With over 254 videos having been published by Peace Parks TV this year alone, it might seem like a bit of a tough call to ask Peace Parks Foundation’s CEO, Werner Myburgh, to select his top five. After spending a lot of time going through the archives, Werner sat down with us to reveal his final selection. 

Coming in as his 5th favourite Peace Parks TV production for the year, was ‘Fishing For Nets’. This film highlights how communities are taking ownership of their natural resources in Zambia’s Simalaha Community Conservancy. It is through strict conservation measures enforced by the community that the fish stocks within a 60-kilometre stretch of the Zambezi River have now significantly grown. Through the trading in of monofilament nets and declaring fish sanctuaries, fishermen are now reporting catching up to 35 kilograms of fish, compared to the 5 kilograms of fish typically caught just two years ago.

More About The Film

For centuries gone by, local people have fished the mighty Zambezi River, which offers a valuable source of food and income for many communities living here. The river is home to more than 200 species of fish, with the more well-known being tigerfish, killifish and the Vundu catfish. Unfortunately, with the fast expansion of human settlements in the region, increased pollution and unsustainable fishing methods, the Zambezi’s health and fish stocks have taken a toll.

It’s common for fishers throughout Africa to use low-cost and lightweight monofilament nets, such as mosquito nets, to catch their fish. However, these pose a major and unnecessary risk to the Zambezi River ecosystem. The nets are extremely tightly woven and transparent in colour, which often results in catching birds, reptiles, and small aquatic animals. These nets are also capable of catching things as small as fish eggs, which, combined with over-fishing, is contributing to the rapid decrease of fish stocks.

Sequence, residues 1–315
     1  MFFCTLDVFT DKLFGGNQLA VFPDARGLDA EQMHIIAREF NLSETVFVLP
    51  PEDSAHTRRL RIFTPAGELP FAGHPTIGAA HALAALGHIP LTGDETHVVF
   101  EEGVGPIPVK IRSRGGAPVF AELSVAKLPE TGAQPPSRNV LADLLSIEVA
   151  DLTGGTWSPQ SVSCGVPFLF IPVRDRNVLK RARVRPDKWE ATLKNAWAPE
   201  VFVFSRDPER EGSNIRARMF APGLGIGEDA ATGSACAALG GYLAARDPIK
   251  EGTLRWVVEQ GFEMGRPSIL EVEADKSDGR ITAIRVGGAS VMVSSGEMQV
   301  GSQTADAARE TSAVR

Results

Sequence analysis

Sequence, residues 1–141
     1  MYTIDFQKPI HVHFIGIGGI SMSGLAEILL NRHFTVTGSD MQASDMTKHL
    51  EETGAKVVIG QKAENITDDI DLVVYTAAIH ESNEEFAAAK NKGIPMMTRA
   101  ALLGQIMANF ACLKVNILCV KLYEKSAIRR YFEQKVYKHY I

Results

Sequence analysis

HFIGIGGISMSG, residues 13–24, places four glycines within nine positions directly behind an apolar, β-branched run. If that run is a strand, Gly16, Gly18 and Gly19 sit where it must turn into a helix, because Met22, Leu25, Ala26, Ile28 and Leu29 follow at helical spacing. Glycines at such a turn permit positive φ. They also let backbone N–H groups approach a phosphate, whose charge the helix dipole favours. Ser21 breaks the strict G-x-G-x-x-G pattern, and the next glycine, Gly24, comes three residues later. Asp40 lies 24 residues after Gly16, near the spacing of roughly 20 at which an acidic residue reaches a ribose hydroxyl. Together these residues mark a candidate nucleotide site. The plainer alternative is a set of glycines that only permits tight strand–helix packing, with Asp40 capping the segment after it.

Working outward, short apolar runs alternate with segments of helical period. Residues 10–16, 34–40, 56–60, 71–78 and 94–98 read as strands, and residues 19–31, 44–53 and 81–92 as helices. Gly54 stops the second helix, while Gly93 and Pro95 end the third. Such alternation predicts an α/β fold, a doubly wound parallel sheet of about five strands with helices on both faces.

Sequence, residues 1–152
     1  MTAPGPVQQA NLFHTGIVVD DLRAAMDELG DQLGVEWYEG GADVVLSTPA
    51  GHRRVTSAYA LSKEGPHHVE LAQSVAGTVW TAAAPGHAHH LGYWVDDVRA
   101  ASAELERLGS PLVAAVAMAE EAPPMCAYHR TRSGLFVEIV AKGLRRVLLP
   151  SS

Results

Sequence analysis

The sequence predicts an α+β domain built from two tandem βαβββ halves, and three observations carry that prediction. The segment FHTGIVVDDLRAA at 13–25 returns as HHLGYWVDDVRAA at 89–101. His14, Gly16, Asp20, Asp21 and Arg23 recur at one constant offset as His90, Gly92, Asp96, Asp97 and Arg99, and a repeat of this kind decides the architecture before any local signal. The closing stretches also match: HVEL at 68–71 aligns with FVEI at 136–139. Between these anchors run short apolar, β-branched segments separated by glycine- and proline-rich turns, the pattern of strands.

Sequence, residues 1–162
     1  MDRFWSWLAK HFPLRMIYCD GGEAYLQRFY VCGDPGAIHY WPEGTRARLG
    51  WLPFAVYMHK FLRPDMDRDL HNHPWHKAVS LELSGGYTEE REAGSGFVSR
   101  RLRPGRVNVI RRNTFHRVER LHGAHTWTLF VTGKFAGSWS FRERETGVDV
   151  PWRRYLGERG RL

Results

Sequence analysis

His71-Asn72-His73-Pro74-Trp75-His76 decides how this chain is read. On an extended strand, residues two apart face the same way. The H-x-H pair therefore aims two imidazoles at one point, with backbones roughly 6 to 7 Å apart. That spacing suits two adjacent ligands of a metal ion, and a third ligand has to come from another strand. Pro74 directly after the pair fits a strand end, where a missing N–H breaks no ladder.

Protecting Fish Stocks

In the Simalaha Community ConservancyPeace Parks Foundation has recognised the urgent need to help reverse the decline in fish populations. Working alongside fishing communities to come up with reasonable solutions that will benefit the local people living off the land, a decision was made to ban these monofilament nets from the conservancy.  Fish sanctuaries – shallow bodies of water where nets and fishing are banned – have also been developed along the Zambezi River, which allows the local flora and fauna to be naturally replenished. The community themselves has chosen the sanctuary sites.

Meet The Tapi Team

Frequent patrols undertaken by Simalaha’s Tapi Team ensure that any illegal fishing nets they find are confiscated and then destroyed. The fishers are then given eco-friendly, legal nets to use instead. To further manage and regulate fishing practices in the area, each local chiefdom of the Simalaha Community Conservancy elects their own Village Fisheries Management Committee. The latter work with Peace Parks Foundation to encourage local fishers to hand in their illegal fishing nets and use sustainable and eco-friendly fishing practices.

By doing this, Simalaha’s community remains empowered to look after their natural resources and wildlife, as well as ensure that future fish stocks remain protected, which will contribute to a brighter future here.